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Nearly everyone I know - in real life - has an "I'm going to work forever" plan for non-retirement. I'm on the younger end of the boomer span (born in 1958) and most of my friends are all boomers who actively resist any mention of growing older and slower. They don't believe they're going to retire, so they've made only basic financial planning.

It's not that they can't come up with a financial plan for retirement - they're certainly educated and intelligent enough to figure out what they need to do. Heck, I figured it out and most of them have more education than I have. It's almost as if they've convinced themselves that they're just going to work for the rest of their lives, so why bother with all that retirement planning stuff.

It's puzzling to me. But it doesn't worry me.

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Old 05-16-2011, 03:50 PM   #33
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Nearly everyone I know - in real life - has an "I'm going to work forever" plan for non-retirement. I'm on the younger end of the boomer span (born in 1958) and most of my friends are all boomers who actively resist any mention of growing older and slower. They don't believe they're going to retire, so they've made only basic financial planning.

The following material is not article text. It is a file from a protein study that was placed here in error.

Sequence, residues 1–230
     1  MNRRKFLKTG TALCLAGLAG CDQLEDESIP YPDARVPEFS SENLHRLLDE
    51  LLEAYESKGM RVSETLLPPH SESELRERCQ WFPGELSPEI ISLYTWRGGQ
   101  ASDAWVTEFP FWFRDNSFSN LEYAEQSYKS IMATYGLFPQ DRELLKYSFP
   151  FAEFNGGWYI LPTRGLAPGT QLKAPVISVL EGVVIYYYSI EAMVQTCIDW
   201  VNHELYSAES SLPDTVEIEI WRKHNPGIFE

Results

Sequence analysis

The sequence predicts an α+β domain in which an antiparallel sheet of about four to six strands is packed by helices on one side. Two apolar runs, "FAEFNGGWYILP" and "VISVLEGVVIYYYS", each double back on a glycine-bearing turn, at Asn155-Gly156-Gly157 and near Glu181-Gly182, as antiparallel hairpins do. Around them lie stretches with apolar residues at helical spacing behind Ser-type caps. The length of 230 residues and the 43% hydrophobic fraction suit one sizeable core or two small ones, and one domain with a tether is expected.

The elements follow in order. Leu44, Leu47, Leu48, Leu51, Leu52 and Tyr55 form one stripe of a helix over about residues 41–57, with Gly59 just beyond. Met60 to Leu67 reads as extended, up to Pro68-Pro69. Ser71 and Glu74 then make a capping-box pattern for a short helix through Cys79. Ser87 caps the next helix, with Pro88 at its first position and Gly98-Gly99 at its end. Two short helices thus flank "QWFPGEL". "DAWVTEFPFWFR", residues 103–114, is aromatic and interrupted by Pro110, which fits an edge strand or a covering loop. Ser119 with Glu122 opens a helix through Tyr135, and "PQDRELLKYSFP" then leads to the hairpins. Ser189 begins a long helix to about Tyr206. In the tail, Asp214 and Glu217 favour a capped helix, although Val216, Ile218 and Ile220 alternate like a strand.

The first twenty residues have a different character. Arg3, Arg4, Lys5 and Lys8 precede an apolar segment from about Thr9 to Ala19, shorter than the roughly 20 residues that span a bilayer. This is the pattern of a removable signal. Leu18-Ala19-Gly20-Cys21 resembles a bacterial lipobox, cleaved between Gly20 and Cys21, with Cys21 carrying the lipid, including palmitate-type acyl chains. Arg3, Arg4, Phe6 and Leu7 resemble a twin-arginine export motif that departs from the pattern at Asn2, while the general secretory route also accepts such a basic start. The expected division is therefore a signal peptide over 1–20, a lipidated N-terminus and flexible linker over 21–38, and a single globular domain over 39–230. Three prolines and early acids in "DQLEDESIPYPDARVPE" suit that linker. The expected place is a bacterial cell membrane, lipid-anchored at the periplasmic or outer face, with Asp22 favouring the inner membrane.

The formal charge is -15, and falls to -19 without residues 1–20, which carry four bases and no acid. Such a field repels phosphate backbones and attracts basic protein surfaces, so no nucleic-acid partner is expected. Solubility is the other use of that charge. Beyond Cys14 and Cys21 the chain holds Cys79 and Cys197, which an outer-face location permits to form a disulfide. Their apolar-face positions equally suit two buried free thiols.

I can more understand that for people who are older and have been working a long time. You've been working 30+ years, it's something you're used to, so you picture continuing working.

Young people though (my age), who have been working a few years, and have a plan to work forever, just make me scratch my head. You really want to work for the next 40 years?

Most just don't think about it, but even when asked, young people with no plans to try to retire early, but planning on working forever.. ugh. I don't get it.
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Old 05-16-2011, 06:00 PM   #34